If the right ventricle stays too small to ever be a good pumping chamber, the surgeon can connect the body veins directly to the pulmonary arteries. The atrial defect also can be closed to relieve cyanosis. These surgeries are called the Glenn and Fontan procedures.

Tricuspid atresia
It may be necessary to create a shunt, to increase blood flow to the lungs. If there is too much blood flowing to the lungs, the child may need a different type of surgery, called pulmonary artery banding, to decrease blood flow.

Most children with tricuspid atresia can have surgery to allow their hearts to work more like normal. Connections are created between the body veins and the lung (pulmonary) arteries. These surgeries are called the Glenn and Fontan procedures.

What can I do to support me or my child's health with single ventricle defects?

Most single ventricle surgeries are performed in the first two to four years of life and don't require more surgery. Many people with single-ventricle defects require daily or multiple medications.

Children with single ventricle defects will require lifelong follow-up by a cardiologist for repeated checks of how their heart is working. They may be advised to limit their physical activities to their own endurance. They are also at increased risk of developing endocarditis. Ask your pediatric cardiologist about your child's need to take antibiotics before certain dental procedures to help prevent endocarditis.

Almost all adults with single ventricles have had at least one heart operation in childhood. Many have survived three to five decades after surgery and are doing well with good activity levels. You may need to take antibiotics before certain dental procedures to prevent endocarditis. You'll need regular checkups by cardiologists all your life.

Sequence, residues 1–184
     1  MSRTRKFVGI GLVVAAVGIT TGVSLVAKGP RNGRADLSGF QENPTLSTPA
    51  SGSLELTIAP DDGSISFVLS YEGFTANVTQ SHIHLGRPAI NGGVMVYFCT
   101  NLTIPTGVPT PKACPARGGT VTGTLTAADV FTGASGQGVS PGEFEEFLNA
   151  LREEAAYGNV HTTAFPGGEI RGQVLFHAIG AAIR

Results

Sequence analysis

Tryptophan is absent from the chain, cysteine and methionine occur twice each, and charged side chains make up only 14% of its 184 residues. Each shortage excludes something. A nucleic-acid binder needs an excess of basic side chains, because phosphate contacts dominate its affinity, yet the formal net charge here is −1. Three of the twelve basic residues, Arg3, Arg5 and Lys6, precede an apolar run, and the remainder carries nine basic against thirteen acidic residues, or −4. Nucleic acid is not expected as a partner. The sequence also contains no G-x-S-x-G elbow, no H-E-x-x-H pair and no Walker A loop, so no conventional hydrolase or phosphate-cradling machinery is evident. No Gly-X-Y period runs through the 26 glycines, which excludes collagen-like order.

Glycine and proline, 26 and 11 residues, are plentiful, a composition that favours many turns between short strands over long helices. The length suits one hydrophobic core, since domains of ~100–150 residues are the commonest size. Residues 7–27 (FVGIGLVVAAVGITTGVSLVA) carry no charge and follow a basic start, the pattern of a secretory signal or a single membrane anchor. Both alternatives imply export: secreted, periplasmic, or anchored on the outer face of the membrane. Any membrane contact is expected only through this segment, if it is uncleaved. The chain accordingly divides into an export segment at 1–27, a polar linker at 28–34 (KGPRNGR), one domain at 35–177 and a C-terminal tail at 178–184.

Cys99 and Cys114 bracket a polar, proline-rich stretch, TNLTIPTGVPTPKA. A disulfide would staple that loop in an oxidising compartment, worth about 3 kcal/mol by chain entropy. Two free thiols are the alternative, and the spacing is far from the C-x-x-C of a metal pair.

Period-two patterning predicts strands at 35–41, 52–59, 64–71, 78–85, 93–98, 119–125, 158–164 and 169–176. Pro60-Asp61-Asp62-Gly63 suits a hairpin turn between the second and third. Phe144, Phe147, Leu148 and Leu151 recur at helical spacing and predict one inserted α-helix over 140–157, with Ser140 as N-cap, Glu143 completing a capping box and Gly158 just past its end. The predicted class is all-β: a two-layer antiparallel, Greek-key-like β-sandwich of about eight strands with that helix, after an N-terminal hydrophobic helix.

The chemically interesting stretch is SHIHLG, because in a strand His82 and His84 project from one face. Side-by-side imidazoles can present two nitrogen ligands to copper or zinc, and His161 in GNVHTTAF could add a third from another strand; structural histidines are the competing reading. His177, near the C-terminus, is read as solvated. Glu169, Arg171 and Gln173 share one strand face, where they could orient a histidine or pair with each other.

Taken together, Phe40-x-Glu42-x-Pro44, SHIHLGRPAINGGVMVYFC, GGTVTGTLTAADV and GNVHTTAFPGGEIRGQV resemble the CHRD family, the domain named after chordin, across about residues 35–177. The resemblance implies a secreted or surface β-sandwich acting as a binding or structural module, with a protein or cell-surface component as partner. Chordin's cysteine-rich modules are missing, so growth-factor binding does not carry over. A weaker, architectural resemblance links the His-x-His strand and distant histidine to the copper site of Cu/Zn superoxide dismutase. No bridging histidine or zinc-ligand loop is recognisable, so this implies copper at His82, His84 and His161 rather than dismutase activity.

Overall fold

There are some common problems for people with single ventricle defects:

  1. Fast heart rate (tachycardia, supraventricular tachycardia, atrial flutter) or slow heart rate (bradycardia).

  2. Fluid retention, particularly in the abdomen and lower extremities. Some adults may develop varicose veins after the operation.

  3. Failing heart muscle when there's only one ventricle.

  4. Blood clots inside the heart that may require anticoagulation therapy.

You may need to limit your activity, particularly competitive sports. Your cardiologist will help you determine if you must limit your activities.

Some women who have had a Fontan-type operation can conceive and safely carry a pregnancy. Talk to your cardiologist to find out the risks.

Why choose Presbyterian for single ventricle defects treatment?

Presbyterian Heart and Vascular Care has the only pediatric and congenital cardiothoracic surgery team in New Mexico. Their team uses some of the most advanced techniques to perform this procedure. These techniques can improve recovery time, reduce complications and provide a quicker return to daily activities.